However, this has not been the case for all biosimilars launching in the US; the uptake has not always matched the substantial potential to contribute to the sustainability of the market. Introducing biosimilars to the US market has not been straightforward and only a small number of biosimilars have actually become available, despite 26 securing FDA approval (currently only 16 are marketed in the US). Many approved biosimilars are still locked in patent litigation disputes.
Furthermore, once a biosimilar is on the market in the US, many originator companies used contracting and rebates to incentivise payers so that the reference medicine retains market share and effectively inhibits market uptake of biosimilars.
Another crucial point of divergence between the US and Europe is their stances on pharmacist-initiated substitution which is known as interchangeability in the US. The US is the only country in the world that has introduced an additional step in the regulatory review process to establish interchangeability with reference medicines. This step adds additional complexity, for both manufacturers and regulators, with no relevant patient benefit or impact on efficacy or safety.
In the last couple of years, the US FDA has been championing biosimilar education, combatting misinformation and giving more clarity on regulations and procedures. Recently the FDA also teamed up with the Federal Trade Commission (FTC) and convened a workshop on “A Competitive Marketplace for Biosimilars.” Hillel Cohen, our Executive Director of Scientific Affairs, participated in the meeting and confirmed that biosimilar disparagement and misinformation are often encountered in the US and are one of the barriers to acceptance and uptake. Others at the workshop discussed how these activities harm the consumer and may be anti-competitive.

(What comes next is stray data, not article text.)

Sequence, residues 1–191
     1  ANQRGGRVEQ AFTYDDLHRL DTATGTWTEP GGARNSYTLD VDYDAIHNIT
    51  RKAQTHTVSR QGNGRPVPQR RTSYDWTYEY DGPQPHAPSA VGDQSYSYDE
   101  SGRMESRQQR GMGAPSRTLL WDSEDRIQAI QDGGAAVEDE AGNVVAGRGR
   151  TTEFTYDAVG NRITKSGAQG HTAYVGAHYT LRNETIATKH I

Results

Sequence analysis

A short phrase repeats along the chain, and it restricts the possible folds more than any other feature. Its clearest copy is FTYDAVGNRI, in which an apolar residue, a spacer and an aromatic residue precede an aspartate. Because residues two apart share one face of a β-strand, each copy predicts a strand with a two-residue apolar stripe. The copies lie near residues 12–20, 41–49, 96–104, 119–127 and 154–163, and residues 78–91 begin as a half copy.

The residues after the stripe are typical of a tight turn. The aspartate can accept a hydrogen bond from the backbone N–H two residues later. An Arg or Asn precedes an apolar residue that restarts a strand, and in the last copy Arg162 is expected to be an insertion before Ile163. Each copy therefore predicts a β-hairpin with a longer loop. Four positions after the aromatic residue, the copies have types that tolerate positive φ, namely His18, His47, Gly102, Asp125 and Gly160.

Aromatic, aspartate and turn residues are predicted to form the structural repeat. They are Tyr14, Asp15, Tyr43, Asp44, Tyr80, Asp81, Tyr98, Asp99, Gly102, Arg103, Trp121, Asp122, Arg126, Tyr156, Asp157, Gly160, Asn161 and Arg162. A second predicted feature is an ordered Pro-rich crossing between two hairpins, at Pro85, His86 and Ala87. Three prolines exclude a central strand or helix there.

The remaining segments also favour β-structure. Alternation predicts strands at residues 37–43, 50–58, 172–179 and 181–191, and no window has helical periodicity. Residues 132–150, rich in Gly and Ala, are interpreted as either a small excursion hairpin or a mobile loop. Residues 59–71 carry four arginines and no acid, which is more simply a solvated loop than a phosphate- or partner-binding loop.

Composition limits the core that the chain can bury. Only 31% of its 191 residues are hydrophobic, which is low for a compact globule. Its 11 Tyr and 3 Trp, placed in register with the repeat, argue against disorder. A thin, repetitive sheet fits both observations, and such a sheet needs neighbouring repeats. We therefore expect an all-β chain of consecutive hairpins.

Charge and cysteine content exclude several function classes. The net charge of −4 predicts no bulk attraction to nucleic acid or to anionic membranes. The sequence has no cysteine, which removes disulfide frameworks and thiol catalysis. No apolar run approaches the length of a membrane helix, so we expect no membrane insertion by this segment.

More needs to be done to drive biosimilar uptake in the US
Ongoing Supreme Court discussions regarding the California v. Texas case on whether all or most of the ACA must be overturned can potentially place the future of the BPCIA in jeopardy. As my colleague, Carol Lynch, President, Sandoz US and Head of North America states: “If the ACA is indeed overturned, it will remove the pathway for biosimilars to enter the US market, stripping patients of vital access to medicines and putting the future of biosimilars at risk.” Read more on her view about the case here.
The 10th anniversary of the BPCIA represents a crucial juncture in biosimilars in the US, with the future availability of these critical medicines at stake. Although the US biosimilar market has endured a slow start, their continued growth and success in Europe shows the potential transformative impact they could have in the US.
To sum it up, timely, clear policies and incentives to increase the uptake of biosimilars play a huge part to improve access to biologics for patients. Also, in the US, the world’s biggest market in terms of biologic sales, we see great efforts happening ... it’s a matter of time, to quote Richard.
I’d love to know your thoughts about the prospects for biosimilar access globally and how policies can help to improve this….